From the results as already published by the inventors and obtained by using the very elaborate analytical technique, it was already known that substances causing an inhibition or an enhancement of the endotoxin-lysate reaction are abundantly found. Thus, the methods having been published by other authors will only yield correct results, if it has been ascertained that such an interference of the sample with the detecting reaction does not occur. However, a sample-internal standardization in the form of a non-linear model is subject to such high computational expenditure that routine tests in practice will hardly be possible therewith.
With this invention, it has been determined that it also is possible to obtain good and reliable results at substantially less expenditure. Moreover, these results may even be obtained by using smaller computers. The cross-checking of said results by using the much more elaborate, previously published method lead to the conclusion that the results are achieved by the method according to the present invention are fully satisfactory and reliable.
Data as determined by the method according to the invention may be utilized in the investigation of plasma samples, in which in the course of a disease not only differing endotoxin concentrations, but also significantly different endotoxin neutralization capacities and interferences were measured. Increasing endotoxin concentrations and decreasing endotoxin neutralization capacities apparently can be considered as an alarm signal indicating that further differential-diagnostic and therapeutical measures will be necessary. On the other hand, low endotoxin concentrations and high endotoxin neutralization capacities can be considered to justify termination of intensive care treatment.
In addition, the method according to the present invention also provides the determination of the endotoxin concentrations in a fast and reliable way making it applicable in other fields, e.g. in the production of solutions for injection and/or infusion, the production of antibiotics, etc. For example, by the method according to the present invention it can be determined in a very simple manner whether the material to be tested contains interfering factors or has endotoxin neutralization capacity, which using previous methods for determining provided false-negative results, or whether the materials to be tested may be readily tested in accordance with conventional methods as well. Furthermore, in accordance with the present invention it will be possible to abandon at least part of the animal experiments having so far been required for the detection of endotoxin.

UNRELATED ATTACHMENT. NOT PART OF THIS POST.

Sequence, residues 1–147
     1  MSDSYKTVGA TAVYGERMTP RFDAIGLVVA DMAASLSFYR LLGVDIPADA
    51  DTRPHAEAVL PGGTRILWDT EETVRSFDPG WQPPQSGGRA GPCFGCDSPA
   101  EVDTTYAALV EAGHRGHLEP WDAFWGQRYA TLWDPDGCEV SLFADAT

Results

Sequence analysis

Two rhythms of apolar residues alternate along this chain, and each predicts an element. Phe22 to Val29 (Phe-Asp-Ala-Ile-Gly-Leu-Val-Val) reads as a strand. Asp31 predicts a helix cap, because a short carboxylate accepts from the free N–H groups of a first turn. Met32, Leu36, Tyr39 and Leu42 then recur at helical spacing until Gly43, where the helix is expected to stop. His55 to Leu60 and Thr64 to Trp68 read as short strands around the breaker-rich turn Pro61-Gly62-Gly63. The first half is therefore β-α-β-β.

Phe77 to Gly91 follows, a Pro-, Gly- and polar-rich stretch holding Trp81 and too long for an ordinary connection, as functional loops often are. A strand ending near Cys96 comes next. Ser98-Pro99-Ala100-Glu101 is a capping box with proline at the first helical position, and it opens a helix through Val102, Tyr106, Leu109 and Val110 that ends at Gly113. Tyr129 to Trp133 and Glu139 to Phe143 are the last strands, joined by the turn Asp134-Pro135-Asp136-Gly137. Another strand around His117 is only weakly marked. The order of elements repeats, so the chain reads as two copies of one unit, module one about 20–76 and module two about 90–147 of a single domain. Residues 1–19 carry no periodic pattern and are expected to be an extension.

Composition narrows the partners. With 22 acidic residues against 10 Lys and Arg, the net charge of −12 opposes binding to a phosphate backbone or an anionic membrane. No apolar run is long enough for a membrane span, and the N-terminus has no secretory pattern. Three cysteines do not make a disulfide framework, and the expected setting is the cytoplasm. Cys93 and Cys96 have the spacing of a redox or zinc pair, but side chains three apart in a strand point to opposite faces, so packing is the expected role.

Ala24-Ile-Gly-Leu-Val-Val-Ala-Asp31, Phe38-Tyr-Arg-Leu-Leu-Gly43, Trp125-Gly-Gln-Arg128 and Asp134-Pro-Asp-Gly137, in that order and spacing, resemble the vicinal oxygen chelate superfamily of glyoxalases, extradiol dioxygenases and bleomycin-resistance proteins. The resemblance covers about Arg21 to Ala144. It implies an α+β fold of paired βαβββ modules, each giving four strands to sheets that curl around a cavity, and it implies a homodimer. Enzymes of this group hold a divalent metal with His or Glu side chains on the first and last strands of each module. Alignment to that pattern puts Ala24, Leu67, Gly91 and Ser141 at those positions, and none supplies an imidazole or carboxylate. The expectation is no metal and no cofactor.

The invention is explained in greater detail by way of the following Examples and Figures.
FIG. 1 shows characteristic reaction kinetics (optical density vs. time). The effect of the amount of endotoxin in the reaction mixture in regard to the variation in the time of onset and to the maximal increase in optical density can be seen.
FIG. 2 shows a characteristic endotoxin standard curve in water (maximal increase in optical density per minute (ΔODmax /min) derived from the reaction kinetics (FIG. 1)). Using the ΔODmax /min as a parameter results in a remarkably wide linear range of the standard curve from lower than 0.01 EU/ml up to higher than 100 EU/ml (1 EU=100 pg of Novopyrexal NP1).
FIG. 3 shows endotoxin standard curves obtained in water and different plasma samples from healthy donors not containing endotoxin per se. The curves measured in heated plasma reveal the interference in the sense of an enhancement and vary considerably indicating the great individual differences of plasma-related interferences with the LAL-endotoxin reaction. Thus, it is not possible to read measurements of individual plasma samples from a standard curve obtained in water or for example in a pooled plasma.
FIG. 4 shows the application of the method of internal standardization in 1. pyrogen-free water, 2. cerebro-spinal fluid (CSF), 3. heated plasma, and 4. unheated plasma. By adding defined high amounts of endotoxin to each sample an individual standard curve for every sample is obtained. This individual standard curve is then used to read a measurement of the sample without additional endotoxin. For the definition of the individual sample internal standard curves endotoxin spikes of 100 EU/ml, 10 EU/ml and 1.0 EU/ml are used. These are high enough compared to the expected endotoxin contents of the samples.
In curve 4 (unheated plasma) the effect of the endotoxin neutralizing capacity can be seen. Up to about 0.6 EU/ml of added endotoxin no reaction is detectable.
The measured values and the results calculated from these for the Examples 1 through 4 of FIG. 4 are summarized in Table 1.